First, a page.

- Alexandra Gerlach : Wrecking Ball in Chemnitz , Deutschlandradio Kultur November 11, 2008, accessed on November 16, 2015.
- Chemnitzer Morgenpost: After eleven years, the GGG packs the wrecking ball. 1 August 2013.
- Free press, despite vacancies, the Sonnenberg is undergoing major renovations ( memento from November 25, 2015 in the web archive archive.today ), November 10, 2015.
- Free Press: Brühl-Aufbruch: “Finally something is happening here” , November 11, 2015.
- Bernd Sikora : Industrial Architecture in Saxony , Edition Leipzig, 2010.
- City of Chemnitz: City center of Chemnitz - framework plan 2000. City of Chemnitz, 2000.
- www.chemnitz.de, Chemnitz - Stadt der Moderne ( page no longer available , search in web archives ), accessed on November 17, 2015.
- Press, interview on inner-city development: Nothing more happens there , accessed on November 18, 2015.
- www.chemnitz.de, expert opinion on the urban development of the inner city , accessed on November 18, 2015.
- Free press: Conti-Loch-Bebauung: Councils accept fewer shops , accessed on November 18, 2015.
- City of Chemnitz: Urban development framework plan "Sonnenberg-Nord" ( Memento from November 26, 2015 in the Internet Archive ), accessed on November 18, 2015.
- Michael Rademacher: German administrative history from the unification of the empire in 1871 to the reunification in 1990. City and district of Chemnitz. (Online material for the dissertation, Osnabrück 2006).
- © Federal Statistical Office (Destatis): Federal Statistical Office Germany - GENESIS-Online. March 8, 2020, accessed March 7, 2020 .
- State Statistical Office of the Free State of Saxony: Statistics - Population. Retrieved on March 7, 2020 (see link under the table: Current population figures by district - based on the 2011 census ).
- Süddeutsche Zeitung ( Memento from December 17, 2015 in the Internet Archive )
- welt.de: A Saxon commune with brains. Retrieved September 15, 2020.
- Rabbi Jakov Pertsovsky
- City of Chemnitz Religion -in%, 2011 census
- City of Chemnitz Statistical Yearbook 2017–2018 Table 2.5 Population by religion 2012 2017, S35 , accessed on February 15, 2020.
- City of Chemnitz: "Sven Schulze elected official administrator" , press release from: November 25, 2020, accessed on: November 26, 2020.
- Election results: District-free city of Chemnitz, city
- party city councilor changes from the voter association Volkssolidarität to the SPD ( Memento from July 19, 2011 in the Internet Archive )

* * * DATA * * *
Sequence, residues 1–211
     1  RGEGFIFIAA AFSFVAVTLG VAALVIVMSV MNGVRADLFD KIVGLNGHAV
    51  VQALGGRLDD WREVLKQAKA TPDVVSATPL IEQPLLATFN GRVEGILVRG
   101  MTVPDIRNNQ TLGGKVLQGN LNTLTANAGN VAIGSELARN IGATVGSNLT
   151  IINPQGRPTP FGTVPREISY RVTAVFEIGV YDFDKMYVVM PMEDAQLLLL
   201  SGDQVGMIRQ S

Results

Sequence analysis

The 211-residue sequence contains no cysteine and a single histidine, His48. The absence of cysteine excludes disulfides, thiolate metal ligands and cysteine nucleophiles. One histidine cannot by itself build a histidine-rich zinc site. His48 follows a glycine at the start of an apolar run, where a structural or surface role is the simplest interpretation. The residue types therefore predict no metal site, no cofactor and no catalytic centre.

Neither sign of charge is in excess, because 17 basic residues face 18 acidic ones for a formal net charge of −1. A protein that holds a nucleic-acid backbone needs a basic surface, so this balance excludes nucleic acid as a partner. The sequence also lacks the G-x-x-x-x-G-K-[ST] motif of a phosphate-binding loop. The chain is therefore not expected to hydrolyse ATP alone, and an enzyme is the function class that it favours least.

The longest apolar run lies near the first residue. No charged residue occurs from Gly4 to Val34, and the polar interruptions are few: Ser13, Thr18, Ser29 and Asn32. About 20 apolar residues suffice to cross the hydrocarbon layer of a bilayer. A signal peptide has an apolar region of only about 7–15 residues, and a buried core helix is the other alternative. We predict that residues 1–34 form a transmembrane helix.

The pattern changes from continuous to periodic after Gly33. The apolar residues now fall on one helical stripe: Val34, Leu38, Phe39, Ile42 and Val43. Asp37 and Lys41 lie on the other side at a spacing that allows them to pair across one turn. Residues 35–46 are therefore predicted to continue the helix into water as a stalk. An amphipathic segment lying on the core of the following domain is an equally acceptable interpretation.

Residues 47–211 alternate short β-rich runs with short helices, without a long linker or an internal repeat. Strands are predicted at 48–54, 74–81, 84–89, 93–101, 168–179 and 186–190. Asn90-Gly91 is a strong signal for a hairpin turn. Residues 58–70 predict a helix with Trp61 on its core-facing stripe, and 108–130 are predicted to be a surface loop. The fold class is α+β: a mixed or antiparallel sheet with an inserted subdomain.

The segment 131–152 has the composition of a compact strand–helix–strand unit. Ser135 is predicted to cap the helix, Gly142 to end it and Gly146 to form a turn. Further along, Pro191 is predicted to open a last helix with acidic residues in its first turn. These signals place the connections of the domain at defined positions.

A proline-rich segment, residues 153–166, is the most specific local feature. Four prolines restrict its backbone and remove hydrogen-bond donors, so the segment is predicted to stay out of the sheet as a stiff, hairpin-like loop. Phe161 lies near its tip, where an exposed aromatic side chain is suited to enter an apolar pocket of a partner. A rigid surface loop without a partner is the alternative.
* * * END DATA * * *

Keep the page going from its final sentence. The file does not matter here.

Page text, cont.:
- Article by Michael Brandenburg in the Freie Presse on May 8, 2009, accessed on June 20, 2013.
- Мегаполис - Karl Marx Stadt. Retrieved October 19, 2020 .
- Kraftklub - Karl Marx Stadt. Retrieved October 19, 2020 .
- KUMMER - 9010. Retrieved October 19, 2020 .
- Chemnitz - song Astrid Himmelreich. Retrieved October 19, 2020 .
- CHEMNITZ rock hymn. Retrieved October 19, 2020 .
- HITRADIO RTL Sachsenhit: Chemnitz. Retrieved October 19, 2020 .
- Queen - Another One Bites the Dust. Retrieved October 19, 2020 .
- Statistics of the employment office, detailed information
- Statistics from the Employment Agency, as of April 2018
- Statistical quarterly report II / 2017 (PDF; 258 kB)
- State Statistical Office of the Free State of Saxony: Gross domestic product at market prices in the independent city of Chemnitz 1992 to 2015
- Media information 100/2017 of the State Statistical Office of the Free State of Saxony (PDF; 153 kB)
- Members of the Healthy Cities Network
- How do I find the right clinic on the Internet?
- Press release of the Chemnitz Clinic ( Memento from January 31, 2012 in the Internet Archive ) (PDF; 40 kB)
- Homepage of the high-tech cluster eniPROD
- History of the Chemnitz Exhibition Center , May 30, 2016.
- Facts & Figures Chemnitz Exhibition Center , May 30, 2016.
- Sachsen Fernsehen, demolition of the exhibition halls on the Schlossteich ( memento from June 5, 2016 in the web archive archive.today ), May 30, 2016.
- City gallery "Roter Turm" opened in Chemnitz / Risen from the ruins - Architecture and Architects - News / Messages / News - BauNetz.de
- Department store opened in Chemnitz / In the glass house - Architecture and Architects - News / Messages / News - BauNetz.de
- Chemnitz has its city again :: lr-online
- State Statistical Office of the Free State of Saxony: Press release of September 27, 2007 "The workplace at home is becoming increasingly rare - more and more Saxon employees commute"
- State Statistical Office of the Free State of Saxony: Schools and pupils at general education schools and schools of the second educational path according to independent cities and districts
- State Statistical Office of the Free State of Saxony: Schools and pupils at primary schools according to independent cities and districts
- State Statistical Office of the Free State of Saxony: Schools and pupils at middle and high schools according to district-free cities and districts
- State Statistical Office of the Free State of Saxony: Schools and pupils at grammar schools according to independent cities and districts
- State Statistical Office of the Free State of Saxony: Schools (general picture) (number); Chemnitz, city
- State Statistical Office of the Free State of Saxony: Students (general picture) (number); All in all; Chemnitz, city
- Press release 610/2018 of the City of Chemnitz: Chemnitz sets up extensive school investment program - over 100 million euros in new school buildings by 2024
- Press release 71/2016 of the City of Chemnitz: Terra Nova Campus - The Discovery School: Support center for the physically handicapped completed
- Bandoneon returns to its place of origin | Free press - Chemnitz. Retrieved July 20, 2020 .
- Süddeutsche Zeitung: East representative welcomes expansion of the BVA location. Retrieved July 9, 2020 .
- Maximilian Residenz - Die Geschichte, Bert Lochmann ( Memento from November 25, 2015 in the Internet Archive ), accessed on November 24, 2015.